The other was Musidora, whom you may know best as the black-clad jewel thief Irma Vep, that icon of “total cinema”, beloved by popular audiences, critics, artists and filmmakers. Follow the Musidora thread of film history, and you will find a trail that is resolutely anti-auteurist, engaged with the fragility and multiplication of star images, often self-parodic and characterised by female collaboration, experimentation, and poetry. Musidora constantly questioned the conventions of cinema. She died in 1957, twenty years before Chaplin, but her final job was at Head of Press and Head Librarian at the Cinématheque Francaise in the 1940s and 1950s, a time and place that takes us to another key point in the widely recognised story of film, where young critics engaged with young cinema. There is always a new way to navigate familiar film history.
This is one way of saying that if we don’t like the film history we have, we can reframe it. And this energy is palpable in our film culture right now, the canon is under fire, though I predict it will re-emerge having undergone another transformation. The critical appraisal and often reappraisal of work by marginalised filmmakers is key to the next draft of film history. This new draft celebrates the abundance of talent, of compelling work, while acknowledging the reasons why those films have been omitted from previous drafts of the story. Critics don’t own the films we promote. We only own our own approach to the film, our choice of how and why to engage with them, our frame. This new history, which is already being written, will cite as sources historians, curators and archivists who are sharing the best, and the broadest definition of young cinema. In parallel, critics will make the case for films that may not already be familiar to audiences.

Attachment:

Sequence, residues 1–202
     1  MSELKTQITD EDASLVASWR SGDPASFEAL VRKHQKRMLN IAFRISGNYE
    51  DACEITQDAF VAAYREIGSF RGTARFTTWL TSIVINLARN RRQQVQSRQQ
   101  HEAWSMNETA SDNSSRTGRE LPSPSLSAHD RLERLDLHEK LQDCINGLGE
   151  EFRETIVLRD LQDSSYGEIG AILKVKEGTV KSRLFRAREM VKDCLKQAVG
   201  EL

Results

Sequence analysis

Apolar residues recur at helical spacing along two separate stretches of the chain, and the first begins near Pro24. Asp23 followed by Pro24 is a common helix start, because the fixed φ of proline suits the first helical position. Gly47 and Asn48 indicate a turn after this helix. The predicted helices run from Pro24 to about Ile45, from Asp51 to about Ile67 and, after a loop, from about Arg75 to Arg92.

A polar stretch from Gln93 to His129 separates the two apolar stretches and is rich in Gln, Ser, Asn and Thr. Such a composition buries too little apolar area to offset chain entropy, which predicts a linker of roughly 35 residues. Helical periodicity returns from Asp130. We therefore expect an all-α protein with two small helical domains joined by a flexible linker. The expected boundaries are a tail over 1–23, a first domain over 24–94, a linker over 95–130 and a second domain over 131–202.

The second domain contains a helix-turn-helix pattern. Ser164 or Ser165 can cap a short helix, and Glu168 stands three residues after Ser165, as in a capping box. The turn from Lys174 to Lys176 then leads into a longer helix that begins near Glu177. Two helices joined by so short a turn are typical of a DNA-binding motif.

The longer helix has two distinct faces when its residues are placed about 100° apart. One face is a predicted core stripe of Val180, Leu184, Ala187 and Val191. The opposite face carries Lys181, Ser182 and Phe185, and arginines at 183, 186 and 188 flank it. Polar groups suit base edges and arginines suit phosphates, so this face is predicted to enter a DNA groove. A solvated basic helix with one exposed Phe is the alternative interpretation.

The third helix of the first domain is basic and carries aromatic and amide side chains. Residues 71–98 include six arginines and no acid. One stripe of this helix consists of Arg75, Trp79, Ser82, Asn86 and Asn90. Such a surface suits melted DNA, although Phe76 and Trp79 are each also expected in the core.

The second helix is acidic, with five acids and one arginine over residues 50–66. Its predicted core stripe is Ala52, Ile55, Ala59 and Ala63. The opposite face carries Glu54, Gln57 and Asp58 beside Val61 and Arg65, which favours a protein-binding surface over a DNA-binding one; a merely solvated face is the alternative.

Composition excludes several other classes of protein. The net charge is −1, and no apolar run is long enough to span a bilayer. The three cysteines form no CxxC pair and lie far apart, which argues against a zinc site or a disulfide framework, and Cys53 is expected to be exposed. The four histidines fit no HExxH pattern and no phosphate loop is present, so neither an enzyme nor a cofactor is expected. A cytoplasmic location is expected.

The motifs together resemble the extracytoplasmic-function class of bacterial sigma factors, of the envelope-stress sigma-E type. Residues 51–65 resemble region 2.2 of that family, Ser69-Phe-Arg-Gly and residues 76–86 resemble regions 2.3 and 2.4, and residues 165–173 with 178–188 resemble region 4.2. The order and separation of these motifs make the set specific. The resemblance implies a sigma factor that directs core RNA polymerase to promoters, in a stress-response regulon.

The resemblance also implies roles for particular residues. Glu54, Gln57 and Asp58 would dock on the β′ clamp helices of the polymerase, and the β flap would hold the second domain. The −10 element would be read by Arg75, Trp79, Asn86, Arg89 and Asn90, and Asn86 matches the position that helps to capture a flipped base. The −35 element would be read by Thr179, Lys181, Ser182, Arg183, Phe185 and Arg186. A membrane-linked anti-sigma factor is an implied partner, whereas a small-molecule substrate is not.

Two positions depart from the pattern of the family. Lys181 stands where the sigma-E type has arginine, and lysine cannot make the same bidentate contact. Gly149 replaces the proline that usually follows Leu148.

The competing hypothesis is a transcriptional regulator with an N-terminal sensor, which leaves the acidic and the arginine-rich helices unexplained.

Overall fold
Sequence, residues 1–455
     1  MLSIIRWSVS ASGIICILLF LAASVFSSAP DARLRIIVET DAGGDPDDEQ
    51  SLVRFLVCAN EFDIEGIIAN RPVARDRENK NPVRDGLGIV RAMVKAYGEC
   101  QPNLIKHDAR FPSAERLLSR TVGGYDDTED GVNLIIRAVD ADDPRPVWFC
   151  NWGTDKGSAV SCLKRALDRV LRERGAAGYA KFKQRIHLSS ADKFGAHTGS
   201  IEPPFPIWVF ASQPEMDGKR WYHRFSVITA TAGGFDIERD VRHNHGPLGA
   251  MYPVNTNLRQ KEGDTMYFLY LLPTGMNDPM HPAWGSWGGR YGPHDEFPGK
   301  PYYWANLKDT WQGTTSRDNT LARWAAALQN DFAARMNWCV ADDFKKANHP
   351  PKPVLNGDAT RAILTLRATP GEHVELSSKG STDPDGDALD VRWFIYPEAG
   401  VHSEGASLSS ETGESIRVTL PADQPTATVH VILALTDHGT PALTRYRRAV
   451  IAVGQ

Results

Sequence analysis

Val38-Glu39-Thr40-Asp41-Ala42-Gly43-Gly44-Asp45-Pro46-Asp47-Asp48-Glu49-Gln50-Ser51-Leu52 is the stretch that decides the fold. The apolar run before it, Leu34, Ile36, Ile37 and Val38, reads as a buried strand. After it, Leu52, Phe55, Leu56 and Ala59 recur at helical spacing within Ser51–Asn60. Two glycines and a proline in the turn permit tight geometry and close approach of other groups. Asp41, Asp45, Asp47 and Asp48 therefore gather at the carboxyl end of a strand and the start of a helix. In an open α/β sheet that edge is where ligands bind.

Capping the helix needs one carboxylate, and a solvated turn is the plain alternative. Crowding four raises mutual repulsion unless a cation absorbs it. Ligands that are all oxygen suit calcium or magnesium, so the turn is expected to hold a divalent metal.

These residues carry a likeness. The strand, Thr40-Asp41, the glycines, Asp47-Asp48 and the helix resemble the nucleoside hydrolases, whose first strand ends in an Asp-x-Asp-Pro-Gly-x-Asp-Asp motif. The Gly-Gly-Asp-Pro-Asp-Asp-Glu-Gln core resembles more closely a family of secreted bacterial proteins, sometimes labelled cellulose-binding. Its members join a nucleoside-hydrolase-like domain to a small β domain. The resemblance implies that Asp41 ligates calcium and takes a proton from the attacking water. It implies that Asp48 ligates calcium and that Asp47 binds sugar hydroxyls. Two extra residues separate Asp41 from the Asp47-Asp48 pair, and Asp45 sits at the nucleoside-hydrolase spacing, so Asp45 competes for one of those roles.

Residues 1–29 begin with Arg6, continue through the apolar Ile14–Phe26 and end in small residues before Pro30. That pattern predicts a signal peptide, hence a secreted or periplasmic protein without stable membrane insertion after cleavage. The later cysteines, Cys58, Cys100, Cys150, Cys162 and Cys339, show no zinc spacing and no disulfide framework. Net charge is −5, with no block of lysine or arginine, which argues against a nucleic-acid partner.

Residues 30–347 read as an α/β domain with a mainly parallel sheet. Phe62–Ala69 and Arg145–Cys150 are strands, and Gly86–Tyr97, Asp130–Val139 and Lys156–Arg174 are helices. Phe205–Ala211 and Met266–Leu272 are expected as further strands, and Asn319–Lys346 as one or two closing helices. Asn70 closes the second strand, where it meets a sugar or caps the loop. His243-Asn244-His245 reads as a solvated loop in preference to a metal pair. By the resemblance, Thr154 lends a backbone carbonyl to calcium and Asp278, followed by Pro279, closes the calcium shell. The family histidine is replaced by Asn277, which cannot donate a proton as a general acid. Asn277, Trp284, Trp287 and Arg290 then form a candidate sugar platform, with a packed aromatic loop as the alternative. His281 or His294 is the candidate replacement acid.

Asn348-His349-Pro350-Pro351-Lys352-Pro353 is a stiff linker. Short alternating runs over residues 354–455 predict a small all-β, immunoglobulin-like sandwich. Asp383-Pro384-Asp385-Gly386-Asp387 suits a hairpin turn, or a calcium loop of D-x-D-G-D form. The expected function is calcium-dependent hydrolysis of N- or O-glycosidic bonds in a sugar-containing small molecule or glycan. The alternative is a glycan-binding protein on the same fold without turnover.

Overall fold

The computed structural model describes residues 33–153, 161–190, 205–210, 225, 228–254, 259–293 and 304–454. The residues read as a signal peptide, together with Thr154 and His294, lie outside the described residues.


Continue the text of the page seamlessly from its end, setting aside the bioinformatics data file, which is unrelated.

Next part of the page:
Image: Pamela Hutchinson at Cinema Rediscovered 2021 c/o Lorena Pino
It can be a struggle to publish criticism about films that are not being marketed, but there is a demand for it. Archive cinema is easy to access, but sometimes bewildering to navigate. A person only needs a signpost or two to find the good stuff. In this regard, a critic is preferable to an algorithm, a list or a filmography. I cannot stress enough that completism is not mandatory, and there are no films that you must see, just as there are no films that you mustn’t. Where the critic can help most is by emphasising those connections between old and young movies, drawing the audience’s attention from something they can hardly avoid, to something they might otherwise miss.
So, when I write or talk about young cinema as I will be doing a lot this weekend, I am thinking of the audience – and what they will take away from this introduction, this review, this frame. That’s what my favourite criticism does. Critical writing isn’t producing a text filled with factual information (though that can be interesting), it’s about sharing your vision of the film with someone else. Allowing them to see it through your eyes. And in the case of the films that are showing this weekend, making a young film feel young again.
A full transcript of the lecture is available to read here and the lecture is available to watch on Watershed's Youtube Channel with BSL interpretation.